"When we got to the airport space, it went straight into the cases," Garfield says. "We put up caution tape, and we came in knowing exactly how it's gonna look. Open the case, get it in, close the case."

Lucy Verity and Luke Mirinovich pause in Terminal 3 to look at an old slot machine. i i

hide captionHaving passed through security in Terminal 3 on their way to their departure gate, newlyweds Lucy Verity and Luke Mirinovich of Australia pause to take a look at For Amusement Only, a collection of antique gambling machines. Travelers who take the moving walkway (seen in the background) end up bypassing the whole exhibit.

Cindy Carpien/NPR
Lucy Verity and Luke Mirinovich pause in Terminal 3 to look at an old slot machine.

Having passed through security in Terminal 3 on their way to their departure gate, newlyweds Lucy Verity and Luke Mirinovich of Australia pause to take a look at For Amusement Only, a collection of antique gambling machines. Travelers who take the moving walkway (seen in the background) end up bypassing the whole exhibit.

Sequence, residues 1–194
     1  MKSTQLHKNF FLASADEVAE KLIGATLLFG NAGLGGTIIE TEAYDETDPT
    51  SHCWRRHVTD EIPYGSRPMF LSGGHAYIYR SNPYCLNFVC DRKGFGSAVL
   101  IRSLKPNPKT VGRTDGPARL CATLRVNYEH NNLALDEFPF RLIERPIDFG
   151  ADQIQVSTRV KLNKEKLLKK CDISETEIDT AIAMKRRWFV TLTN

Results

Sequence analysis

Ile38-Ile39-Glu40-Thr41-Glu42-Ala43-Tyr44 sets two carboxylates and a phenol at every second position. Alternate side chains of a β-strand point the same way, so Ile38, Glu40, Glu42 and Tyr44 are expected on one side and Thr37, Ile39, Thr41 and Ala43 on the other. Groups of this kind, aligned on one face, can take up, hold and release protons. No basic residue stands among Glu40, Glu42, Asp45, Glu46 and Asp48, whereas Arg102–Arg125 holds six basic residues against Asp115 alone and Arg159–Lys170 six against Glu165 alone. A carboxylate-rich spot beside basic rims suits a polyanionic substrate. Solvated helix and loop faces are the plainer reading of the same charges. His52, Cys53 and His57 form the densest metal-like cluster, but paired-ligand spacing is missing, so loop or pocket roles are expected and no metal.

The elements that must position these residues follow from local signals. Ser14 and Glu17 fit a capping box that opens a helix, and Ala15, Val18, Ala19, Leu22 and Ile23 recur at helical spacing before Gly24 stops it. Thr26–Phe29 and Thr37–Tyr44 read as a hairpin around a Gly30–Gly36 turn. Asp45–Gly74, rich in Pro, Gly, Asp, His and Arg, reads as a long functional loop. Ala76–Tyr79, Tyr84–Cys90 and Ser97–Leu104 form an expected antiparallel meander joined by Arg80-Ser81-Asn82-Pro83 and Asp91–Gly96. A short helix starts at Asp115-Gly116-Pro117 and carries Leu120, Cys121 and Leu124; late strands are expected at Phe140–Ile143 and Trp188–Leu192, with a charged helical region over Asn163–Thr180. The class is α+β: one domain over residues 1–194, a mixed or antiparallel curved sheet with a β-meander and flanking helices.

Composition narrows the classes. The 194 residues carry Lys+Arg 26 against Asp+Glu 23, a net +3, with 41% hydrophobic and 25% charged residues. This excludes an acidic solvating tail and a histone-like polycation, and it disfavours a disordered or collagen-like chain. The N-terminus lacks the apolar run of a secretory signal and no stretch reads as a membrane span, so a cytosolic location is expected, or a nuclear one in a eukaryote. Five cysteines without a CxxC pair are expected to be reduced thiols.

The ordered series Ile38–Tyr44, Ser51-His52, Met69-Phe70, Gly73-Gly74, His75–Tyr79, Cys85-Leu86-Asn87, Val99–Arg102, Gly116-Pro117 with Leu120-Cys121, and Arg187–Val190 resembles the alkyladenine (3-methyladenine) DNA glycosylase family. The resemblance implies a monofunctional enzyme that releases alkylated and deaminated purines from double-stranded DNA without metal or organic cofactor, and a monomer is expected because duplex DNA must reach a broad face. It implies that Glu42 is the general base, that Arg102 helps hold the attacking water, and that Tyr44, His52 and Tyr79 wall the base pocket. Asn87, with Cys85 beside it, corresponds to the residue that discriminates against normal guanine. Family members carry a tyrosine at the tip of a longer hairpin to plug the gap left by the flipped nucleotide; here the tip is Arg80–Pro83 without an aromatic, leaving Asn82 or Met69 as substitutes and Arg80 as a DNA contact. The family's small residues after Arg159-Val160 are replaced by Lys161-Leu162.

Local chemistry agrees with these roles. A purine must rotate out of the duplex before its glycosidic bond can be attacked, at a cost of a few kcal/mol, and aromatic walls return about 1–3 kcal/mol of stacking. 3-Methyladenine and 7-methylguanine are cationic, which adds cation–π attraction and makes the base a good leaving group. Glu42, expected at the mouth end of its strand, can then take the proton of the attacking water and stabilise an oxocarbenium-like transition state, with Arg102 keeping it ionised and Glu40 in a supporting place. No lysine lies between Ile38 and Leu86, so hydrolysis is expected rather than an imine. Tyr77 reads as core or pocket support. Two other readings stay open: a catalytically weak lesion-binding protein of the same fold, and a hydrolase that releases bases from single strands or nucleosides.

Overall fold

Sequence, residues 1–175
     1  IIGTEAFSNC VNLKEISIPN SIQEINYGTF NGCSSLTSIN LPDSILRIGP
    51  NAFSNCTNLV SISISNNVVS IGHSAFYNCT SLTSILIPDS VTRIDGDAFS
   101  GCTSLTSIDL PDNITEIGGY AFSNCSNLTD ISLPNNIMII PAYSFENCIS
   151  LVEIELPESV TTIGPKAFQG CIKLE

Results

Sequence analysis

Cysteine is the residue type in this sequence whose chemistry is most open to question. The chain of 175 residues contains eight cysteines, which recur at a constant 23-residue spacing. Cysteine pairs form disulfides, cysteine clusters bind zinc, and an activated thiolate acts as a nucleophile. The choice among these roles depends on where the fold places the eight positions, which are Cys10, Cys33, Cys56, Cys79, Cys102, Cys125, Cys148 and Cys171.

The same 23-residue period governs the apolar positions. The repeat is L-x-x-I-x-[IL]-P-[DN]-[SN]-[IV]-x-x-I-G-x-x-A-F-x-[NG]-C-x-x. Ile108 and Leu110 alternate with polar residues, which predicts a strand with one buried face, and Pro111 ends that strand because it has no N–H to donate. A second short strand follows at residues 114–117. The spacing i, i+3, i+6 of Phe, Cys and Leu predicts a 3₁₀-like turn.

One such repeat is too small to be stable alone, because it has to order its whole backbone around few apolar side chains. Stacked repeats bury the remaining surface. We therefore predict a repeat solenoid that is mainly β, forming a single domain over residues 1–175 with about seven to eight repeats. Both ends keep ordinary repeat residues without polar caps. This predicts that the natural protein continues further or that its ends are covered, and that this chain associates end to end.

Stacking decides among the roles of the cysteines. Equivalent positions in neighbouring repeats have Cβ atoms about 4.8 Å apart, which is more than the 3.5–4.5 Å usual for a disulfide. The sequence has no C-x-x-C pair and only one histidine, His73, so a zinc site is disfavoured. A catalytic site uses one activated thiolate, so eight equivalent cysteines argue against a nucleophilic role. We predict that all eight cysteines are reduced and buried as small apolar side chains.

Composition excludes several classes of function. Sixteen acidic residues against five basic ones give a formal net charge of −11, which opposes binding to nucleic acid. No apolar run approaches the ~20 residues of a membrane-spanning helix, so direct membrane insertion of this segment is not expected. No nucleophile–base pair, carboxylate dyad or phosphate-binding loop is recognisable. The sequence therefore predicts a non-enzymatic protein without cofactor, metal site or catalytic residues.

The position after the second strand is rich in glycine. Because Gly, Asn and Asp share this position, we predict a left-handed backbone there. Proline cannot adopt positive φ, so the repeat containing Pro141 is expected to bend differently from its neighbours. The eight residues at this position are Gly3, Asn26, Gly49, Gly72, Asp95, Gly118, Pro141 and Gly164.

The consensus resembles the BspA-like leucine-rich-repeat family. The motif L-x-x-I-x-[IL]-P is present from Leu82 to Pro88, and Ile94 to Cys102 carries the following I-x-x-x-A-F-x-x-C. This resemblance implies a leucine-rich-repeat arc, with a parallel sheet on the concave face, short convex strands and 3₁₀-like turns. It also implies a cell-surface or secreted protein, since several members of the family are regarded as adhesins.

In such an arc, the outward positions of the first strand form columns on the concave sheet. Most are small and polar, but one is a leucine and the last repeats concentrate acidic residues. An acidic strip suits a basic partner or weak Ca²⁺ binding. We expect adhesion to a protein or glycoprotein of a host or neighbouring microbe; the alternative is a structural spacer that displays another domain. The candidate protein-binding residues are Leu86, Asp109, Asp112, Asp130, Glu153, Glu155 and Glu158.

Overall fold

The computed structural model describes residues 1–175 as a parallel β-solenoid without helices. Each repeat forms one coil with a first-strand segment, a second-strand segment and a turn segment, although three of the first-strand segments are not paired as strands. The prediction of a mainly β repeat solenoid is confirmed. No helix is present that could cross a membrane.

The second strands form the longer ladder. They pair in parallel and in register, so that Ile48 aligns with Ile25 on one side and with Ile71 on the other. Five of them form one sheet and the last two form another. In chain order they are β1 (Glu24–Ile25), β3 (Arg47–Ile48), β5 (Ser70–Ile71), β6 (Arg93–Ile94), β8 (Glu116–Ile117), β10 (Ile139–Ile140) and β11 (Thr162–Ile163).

Cindy Carpien/NPR

'We Fight With People Movers'

If you're booked on a United flight out of SFO, you'll pass through a major gallery on the way to the departure gate in Terminal 3. It's a corridor — a football field and a half in length — flanked on each side with rows of standing cases.

The For Amusement Only exhibit — featuring antique slot and gambling machines — is on display in Terminal 3 through May. One early "device" is from 1905 — made of hand-carved oak with silver trim, it weighs in at 600 pounds.